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An alphabet $\Sigma$ is a nonempty finite set such that every string formed by elements of $\Sigma$ can be decomposed uniquely into elements of $\Sigma$.
For example, $\{b,lo,g,bl,og\}$ is not a valid alphabet because the string $blog$ can be broken up in two ways: b lo g and bl og. $\{\mathbb{C}a,\ddot{n}a,{\rm d},a\}$ is a valid alphabet, because there is only one way to fully break up any given string formed from it.
If $\Sigma$ is our alphabet and $n\in\mathbb{Z}^{+}$, we define the following as the powers of $\Sigma$:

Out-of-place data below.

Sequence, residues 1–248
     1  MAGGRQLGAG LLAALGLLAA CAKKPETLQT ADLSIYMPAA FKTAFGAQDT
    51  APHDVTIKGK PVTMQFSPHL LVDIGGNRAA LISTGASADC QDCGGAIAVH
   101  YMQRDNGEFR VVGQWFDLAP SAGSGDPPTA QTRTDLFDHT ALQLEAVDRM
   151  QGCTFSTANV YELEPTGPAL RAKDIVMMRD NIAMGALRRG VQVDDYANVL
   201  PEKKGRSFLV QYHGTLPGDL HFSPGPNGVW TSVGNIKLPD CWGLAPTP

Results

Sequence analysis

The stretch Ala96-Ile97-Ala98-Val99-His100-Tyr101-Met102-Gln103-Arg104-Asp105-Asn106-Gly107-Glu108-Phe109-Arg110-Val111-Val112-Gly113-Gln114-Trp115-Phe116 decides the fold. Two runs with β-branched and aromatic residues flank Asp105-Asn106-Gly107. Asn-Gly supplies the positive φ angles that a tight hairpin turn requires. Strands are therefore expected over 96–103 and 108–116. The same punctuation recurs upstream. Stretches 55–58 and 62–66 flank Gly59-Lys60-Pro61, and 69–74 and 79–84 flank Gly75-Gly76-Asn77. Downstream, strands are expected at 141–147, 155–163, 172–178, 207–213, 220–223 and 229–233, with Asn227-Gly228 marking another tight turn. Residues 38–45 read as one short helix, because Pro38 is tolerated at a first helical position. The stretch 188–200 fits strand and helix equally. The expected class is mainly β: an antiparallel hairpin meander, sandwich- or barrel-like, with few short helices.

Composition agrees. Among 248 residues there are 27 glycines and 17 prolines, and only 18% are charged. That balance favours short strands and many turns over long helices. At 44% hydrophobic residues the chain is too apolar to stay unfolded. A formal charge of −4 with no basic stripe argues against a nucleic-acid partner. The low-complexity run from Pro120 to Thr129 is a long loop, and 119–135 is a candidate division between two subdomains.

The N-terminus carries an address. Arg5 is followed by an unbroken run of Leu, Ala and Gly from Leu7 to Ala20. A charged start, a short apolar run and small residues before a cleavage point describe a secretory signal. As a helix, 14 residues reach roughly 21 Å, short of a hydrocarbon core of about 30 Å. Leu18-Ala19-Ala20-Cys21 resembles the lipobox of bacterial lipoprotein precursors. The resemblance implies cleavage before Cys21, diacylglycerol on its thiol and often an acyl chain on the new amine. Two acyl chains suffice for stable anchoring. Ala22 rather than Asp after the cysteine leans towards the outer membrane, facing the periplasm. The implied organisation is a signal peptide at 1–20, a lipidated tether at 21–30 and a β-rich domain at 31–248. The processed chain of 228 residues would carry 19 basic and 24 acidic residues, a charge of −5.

$\Sigma^{0}={\lambda}$, where $\lambda$ stands for the empty string.

$\Sigma^{n}=\{xyx\in\Sigma,y\in\Sigma^{{n1}}\}$ ($xy$ is the juxtaposition of $x$ and $y$)
Related:
KleeneStar, Substring, Language, HuffmanCoding, Word
Synonym:
powers of an alphabet
Type of Math Object:
Definition
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new question: A good question by Ron Castillo
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new question: A trascendental number. by Ron Castillo
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new question: Banach lattice valued Bochner integrals by math ias